More than 80 Swiss and South African women have been meeting in Bern to share experiences about female equality in their home countries.
Although there are many differences between Switzerland and South Africa, delegates agreed that the problems faced by women in the two countries were very similar.
The two-day conference - which ended on Friday - was organised by the South African Embassy in Bern, along with several Swiss partners, to mark National Women’s Day in South Africa.
It is also one of the events being held in Switzerland to mark the tenth anniversary of the fall of apartheid and the start of democracy in the African country.
Delegates to the conference were mostly from the political, business, social services and health sectors. The South African ambassador to Bern, Nozipho January-Bardill, said the discussions focused on how to fight gender inequality and promote the role of women in society.
“The issues are the same, [but] the context is different, and the way we deal with them is different,” January-Bardill told swissinfo.
“So it’s good to recognise how these issues are dealt with in Switzerland and for us to share with Swiss women how we deal with [our] issues at political, social and economic levels,” she added.
Delegates heard that great strides had been made towards equality in South Africa since the advent of democracy. This included changes to domestic violence legislation and a new act that gives equal rights to women married according to African traditional law.
But January-Bardill said that South African women were still less liberated than their Swiss counterparts. This was because Swiss women generally had better access to education and social security.
The ambassador said that poverty, particularly in rural areas, was still a major problem in South Africa.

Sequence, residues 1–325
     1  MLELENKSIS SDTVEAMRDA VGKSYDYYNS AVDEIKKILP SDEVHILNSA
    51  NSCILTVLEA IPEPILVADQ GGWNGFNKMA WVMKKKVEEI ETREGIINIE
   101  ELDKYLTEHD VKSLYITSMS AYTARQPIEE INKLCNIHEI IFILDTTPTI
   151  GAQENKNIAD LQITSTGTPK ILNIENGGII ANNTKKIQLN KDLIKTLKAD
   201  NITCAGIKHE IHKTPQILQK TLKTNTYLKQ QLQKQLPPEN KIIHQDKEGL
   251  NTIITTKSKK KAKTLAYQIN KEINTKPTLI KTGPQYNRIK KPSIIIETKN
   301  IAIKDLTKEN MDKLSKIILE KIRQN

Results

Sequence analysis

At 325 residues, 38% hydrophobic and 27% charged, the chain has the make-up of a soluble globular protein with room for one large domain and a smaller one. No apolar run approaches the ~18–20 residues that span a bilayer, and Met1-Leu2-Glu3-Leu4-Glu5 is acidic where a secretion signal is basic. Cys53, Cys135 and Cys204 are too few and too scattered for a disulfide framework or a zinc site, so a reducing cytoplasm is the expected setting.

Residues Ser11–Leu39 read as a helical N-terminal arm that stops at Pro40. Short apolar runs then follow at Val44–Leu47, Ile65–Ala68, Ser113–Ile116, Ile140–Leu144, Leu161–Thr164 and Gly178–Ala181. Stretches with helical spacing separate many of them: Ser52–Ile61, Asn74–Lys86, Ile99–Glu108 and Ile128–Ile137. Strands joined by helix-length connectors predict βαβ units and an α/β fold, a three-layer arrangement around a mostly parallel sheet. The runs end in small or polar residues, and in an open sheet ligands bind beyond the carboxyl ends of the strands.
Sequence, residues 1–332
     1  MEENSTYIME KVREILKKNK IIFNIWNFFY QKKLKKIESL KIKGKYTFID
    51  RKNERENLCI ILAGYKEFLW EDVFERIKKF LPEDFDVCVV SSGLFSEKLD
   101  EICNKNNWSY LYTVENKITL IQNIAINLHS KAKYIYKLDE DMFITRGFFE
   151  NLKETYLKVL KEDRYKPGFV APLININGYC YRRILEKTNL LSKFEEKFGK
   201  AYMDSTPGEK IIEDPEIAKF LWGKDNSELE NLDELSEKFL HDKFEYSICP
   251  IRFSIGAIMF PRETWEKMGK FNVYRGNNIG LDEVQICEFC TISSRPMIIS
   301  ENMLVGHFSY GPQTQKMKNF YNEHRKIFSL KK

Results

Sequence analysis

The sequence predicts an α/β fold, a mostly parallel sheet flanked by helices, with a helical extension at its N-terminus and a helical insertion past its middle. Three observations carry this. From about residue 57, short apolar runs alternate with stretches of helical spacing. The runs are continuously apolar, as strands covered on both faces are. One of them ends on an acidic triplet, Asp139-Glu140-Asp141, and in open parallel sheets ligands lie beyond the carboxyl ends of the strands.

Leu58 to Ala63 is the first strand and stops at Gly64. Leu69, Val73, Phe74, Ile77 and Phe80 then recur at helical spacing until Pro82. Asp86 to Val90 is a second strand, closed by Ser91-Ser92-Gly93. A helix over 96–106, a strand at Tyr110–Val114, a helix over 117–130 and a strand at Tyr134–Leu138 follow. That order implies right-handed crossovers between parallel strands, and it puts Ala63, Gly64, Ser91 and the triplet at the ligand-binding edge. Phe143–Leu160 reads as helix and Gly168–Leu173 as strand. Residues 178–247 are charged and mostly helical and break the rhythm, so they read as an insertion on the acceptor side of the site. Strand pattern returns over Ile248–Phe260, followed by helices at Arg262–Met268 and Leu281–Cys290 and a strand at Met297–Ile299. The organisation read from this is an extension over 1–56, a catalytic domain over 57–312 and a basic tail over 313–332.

Women, especially black women, also suffer from a very high rate of HIV infection and many are unemployed.
Social and economic changes which would benefit women, such as better education and access to services, had therefore become priorities for the government.
“We feel that until women are liberated in South Africa we will not achieve freedom for the whole society,” said January-Bardill.
Long way to go
All sides agreed that that there was still a long way to go before full equality was achieved for women.
In Switzerland, the principle of gender equality was enshrined in the constitution in 1981, but women are still paid on average 20 per cent less than men and are under-represented in politics and managerial positions.
The country still has no statutory maternity leave, although the population is due to vote for a third time on the issue on September 26. Women only received the right to vote at a federal level 33 years ago.
“What is similar in Switzerland and South Africa is that women are disadvantaged in many areas and that although our goals are nicely put down on paper, it’s not easy to achieve them in practice,” said Pia Hollenstein, a Swiss parliamentarian for the Green Party.
“The patriarchal world is found both in the South and in the North, and there we have something in common,” she told swissinfo.
One of the main topics of interest for the South African delegates was how Swiss democracy - which gives the population a say on many issues - works.
“The Swiss live in a democracy which is hundreds of years old. Ours is ten years old and so we can learn… in terms of politics about your democracy, how you express your freedom and how you use your languages,” said January-Bardill.
“I have lived here for nearly four years and I've learned a lot about the positive aspects of Switzerland.
"But I think there’s also something to be said for youth and I’m very excited about what we’re doing [in South Africa]."
swissinfo, Isobel Leybold-Johnson
South Africa (RSA) and Switzerland (CH):
Population: 45 million (RSA), 7 million (CH).
Capital : Pretoria (RSA), Bern (CH).
GNI per capita : $2,500 (RSA), $36,170 (CH).
Life expectancy (men): 45 years (RSA), 76 years (CH).
Life expectancy (women): 51 years (RSA), 82 years (CH).
National Women’s Day commemorates the contribution made by women to the anti-apartheid struggle.
It is held on August 9, the day in 1956 on which thousands of women of all races protested in Pretoria against apartheid.
In 2004, South Africa is celebrating the tenth anniversary of the fall of apartheid and the beginning of democracy.